near the College.
The punishment imposed on college students, sometimes up to the age of
25, was 60-80 “shots” (rarely 40), but it was common for the number of 300
strokes even 400 to be reached. Marks could be apparent for as much as 2 weeks
after the use of The Martinet!
To deliver a more cruel punishment, the one administering The Martinet
allows about 2 long seconds between two shots, in order to leave time for the
pain to spread and to enable the one administering the punishment a full, more
painful stroke.
Chapter III
WWI: A Tool For Soldiers
 
 
Soldiers in WWI, were provided The Martinet in their packet from the
military for their tour of duty. This Martinet served to remove dust and mud
which could accumulate and dry on their uniforms, or to clear the covers of the
vermin that flourished in the trenches.
 
A registration number is engraved on the wooden handle on the one in
the photo above.
Chapter IV
XXe: A Tradition is Born
 
In the 1934 edition of the famous Larousse Dictionary, the word “Martinet” is clearly described with a picture:

 

“A kind of whip made of several
straps of rope or leather, to beat clothes, furniture, or correct children.”

Martinets were made by cobblers or parents themselves.

“It’s a Living!” Père Fouettard
“Père Fouettard” was a sinister character of legend who accompanies Saint Nicolas on his Christmas rounds. Beginning on December 6 or the evening before, while Saint Nicholas distributes gifts to the good children, Father Fouettard administers The Martinet to the bad ones.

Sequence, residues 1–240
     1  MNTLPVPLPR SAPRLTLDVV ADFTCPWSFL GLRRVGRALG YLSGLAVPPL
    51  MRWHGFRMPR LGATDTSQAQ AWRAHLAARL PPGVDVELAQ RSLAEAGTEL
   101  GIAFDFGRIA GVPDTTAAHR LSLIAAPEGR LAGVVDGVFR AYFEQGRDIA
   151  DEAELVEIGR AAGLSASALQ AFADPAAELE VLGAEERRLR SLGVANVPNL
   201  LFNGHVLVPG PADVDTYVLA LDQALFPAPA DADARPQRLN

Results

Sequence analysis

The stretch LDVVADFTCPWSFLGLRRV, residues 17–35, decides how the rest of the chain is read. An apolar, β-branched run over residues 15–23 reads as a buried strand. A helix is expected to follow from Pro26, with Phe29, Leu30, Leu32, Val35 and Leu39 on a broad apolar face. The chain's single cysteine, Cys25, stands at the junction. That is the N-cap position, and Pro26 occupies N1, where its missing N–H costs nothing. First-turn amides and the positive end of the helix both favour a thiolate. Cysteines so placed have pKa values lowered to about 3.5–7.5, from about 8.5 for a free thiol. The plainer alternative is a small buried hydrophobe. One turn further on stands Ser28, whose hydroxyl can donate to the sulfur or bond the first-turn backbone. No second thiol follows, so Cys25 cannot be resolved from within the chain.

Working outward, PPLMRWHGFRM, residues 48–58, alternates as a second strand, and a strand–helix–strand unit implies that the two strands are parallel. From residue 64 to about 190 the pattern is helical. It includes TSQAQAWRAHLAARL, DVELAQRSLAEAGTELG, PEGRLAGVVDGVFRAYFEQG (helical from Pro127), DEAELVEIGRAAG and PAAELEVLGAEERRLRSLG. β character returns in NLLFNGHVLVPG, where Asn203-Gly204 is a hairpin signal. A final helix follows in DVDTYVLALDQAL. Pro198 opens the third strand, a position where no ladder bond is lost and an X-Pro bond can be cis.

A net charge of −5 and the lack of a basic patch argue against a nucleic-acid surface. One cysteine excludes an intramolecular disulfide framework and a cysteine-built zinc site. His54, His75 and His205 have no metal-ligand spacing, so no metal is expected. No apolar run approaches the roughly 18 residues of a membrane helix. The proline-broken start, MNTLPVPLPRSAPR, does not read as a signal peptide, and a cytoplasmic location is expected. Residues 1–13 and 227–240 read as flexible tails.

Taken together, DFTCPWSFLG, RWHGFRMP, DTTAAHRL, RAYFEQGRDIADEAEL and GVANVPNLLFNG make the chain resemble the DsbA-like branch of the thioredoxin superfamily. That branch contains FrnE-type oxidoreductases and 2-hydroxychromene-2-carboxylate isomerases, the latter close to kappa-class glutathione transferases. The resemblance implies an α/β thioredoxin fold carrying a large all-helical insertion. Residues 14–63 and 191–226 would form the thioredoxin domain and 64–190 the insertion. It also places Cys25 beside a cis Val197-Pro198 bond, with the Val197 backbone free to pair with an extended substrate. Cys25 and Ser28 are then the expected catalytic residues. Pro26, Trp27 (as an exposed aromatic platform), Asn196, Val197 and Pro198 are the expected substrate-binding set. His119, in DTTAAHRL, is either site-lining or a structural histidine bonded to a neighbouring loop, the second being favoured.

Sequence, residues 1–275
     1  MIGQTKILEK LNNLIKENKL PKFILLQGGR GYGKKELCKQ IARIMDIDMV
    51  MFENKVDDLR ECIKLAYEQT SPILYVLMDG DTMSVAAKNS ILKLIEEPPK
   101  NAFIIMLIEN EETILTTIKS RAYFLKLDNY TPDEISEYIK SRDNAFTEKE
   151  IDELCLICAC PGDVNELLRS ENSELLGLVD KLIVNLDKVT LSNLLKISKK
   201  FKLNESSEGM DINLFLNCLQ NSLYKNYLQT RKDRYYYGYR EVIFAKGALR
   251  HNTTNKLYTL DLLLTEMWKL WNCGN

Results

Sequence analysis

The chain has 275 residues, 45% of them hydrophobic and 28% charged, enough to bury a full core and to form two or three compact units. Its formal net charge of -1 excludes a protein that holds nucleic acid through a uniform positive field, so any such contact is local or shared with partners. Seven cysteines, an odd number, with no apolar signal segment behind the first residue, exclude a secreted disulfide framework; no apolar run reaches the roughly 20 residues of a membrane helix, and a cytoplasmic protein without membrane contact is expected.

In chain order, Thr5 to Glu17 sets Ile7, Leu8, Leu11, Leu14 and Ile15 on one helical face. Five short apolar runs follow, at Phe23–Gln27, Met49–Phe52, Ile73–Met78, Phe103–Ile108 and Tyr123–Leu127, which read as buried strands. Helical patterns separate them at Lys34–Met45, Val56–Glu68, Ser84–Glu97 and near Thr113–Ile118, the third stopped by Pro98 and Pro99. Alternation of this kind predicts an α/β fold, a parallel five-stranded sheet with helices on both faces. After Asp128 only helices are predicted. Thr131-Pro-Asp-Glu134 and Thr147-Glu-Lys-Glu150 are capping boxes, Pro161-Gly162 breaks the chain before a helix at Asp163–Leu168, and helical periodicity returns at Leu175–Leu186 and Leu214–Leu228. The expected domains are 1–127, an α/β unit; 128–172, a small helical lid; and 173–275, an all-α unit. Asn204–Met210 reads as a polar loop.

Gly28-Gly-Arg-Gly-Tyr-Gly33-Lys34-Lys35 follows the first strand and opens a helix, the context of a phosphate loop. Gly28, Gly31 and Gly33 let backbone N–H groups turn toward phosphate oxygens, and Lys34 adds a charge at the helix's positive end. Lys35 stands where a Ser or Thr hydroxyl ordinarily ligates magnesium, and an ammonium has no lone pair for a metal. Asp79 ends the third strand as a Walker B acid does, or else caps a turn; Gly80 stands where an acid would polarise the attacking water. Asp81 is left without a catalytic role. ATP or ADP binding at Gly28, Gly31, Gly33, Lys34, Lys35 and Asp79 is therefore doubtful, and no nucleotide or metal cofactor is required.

In French “youth” lit, boys were scolded and warned
Martinet in hand. 
In youth literature (“Comtesse de Ségur,”  “Suceur de Pouches,” “La guerre des boutons,”
“Signe de Piste”), The Martinet was often present and used expressly to punish boys.
Chapter V
After WW2 : The “Mass Market”

Suzanne Marache from Fétigny, in the center of Morvan area of France, started making Martinets in 1949. She fashioned the leather straps, which were then nailed, one by one with the hammer on the wooden handles made of beech. Marache sold up to 1,000 Martinets daily at the time until about 2000, when she died at the age of 82. It was very tedious work, because everything was manual. It was necessary to nail each thong on the wooden handle to fix ten. A nail in one hand, the hammer in the other. And two more nails were required to make a finished Martinet. Marache’s Martinets were all identical, a yellow sleeve and dark leather straps.